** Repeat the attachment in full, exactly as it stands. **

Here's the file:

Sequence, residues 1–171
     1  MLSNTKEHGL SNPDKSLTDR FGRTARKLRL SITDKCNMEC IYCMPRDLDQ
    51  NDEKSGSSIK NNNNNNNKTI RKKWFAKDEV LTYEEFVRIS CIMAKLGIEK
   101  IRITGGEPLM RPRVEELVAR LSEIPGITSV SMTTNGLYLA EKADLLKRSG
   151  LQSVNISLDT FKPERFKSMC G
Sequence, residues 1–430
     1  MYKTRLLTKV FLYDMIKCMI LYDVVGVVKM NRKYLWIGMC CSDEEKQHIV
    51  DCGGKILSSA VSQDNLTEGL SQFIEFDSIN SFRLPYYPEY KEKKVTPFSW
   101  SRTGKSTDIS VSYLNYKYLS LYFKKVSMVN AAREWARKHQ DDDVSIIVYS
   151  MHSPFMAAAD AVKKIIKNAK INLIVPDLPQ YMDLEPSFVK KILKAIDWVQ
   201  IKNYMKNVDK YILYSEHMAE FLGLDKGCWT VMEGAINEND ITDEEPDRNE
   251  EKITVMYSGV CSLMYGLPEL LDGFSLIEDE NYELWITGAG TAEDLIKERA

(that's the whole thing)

Sequence, residues 1–171
     1  MLSNTKEHGL SNPDKSLTDR FGRTARKLRL SITDKCNMEC IYCMPRDLDQ
    51  NDEKSGSSIK NNNNNNNKTI RKKWFAKDEV LTYEEFVRIS CIMAKLGIEK
   101  IRITGGEPLM RPRVEELVAR LSEIPGITSV SMTTNGLYLA EKADLLKRSG
   151  LQSVNISLDT FKPERFKSMC G
Sequence, residues 1–430
     1  MYKTRLLTKV FLYDMIKCMI LYDVVGVVKM NRKYLWIGMC CSDEEKQHIV
    51  DCGGKILSSA VSQDNLTEGL SQFIEFDSIN SFRLPYYPEY KEKKVTPFSW
   101  SRTGKSTDIS VSYLNYKYLS LYFKKVSMVN AAREWARKHQ DDDVSIIVYS
   151  MHSPFMAAAD AVKKIIKNAK INLIVPDLPQ YMDLEPSFVK KILKAIDWVQ
   201  IKNYMKNVDK YILYSEHMAE FLGLDKGCWT VMEGAINEND ITDEEPDRNE
   251  EKITVMYSGV CSLMYGLPEL LDGFSLIEDE NYELWITGAG TAEDLIKERA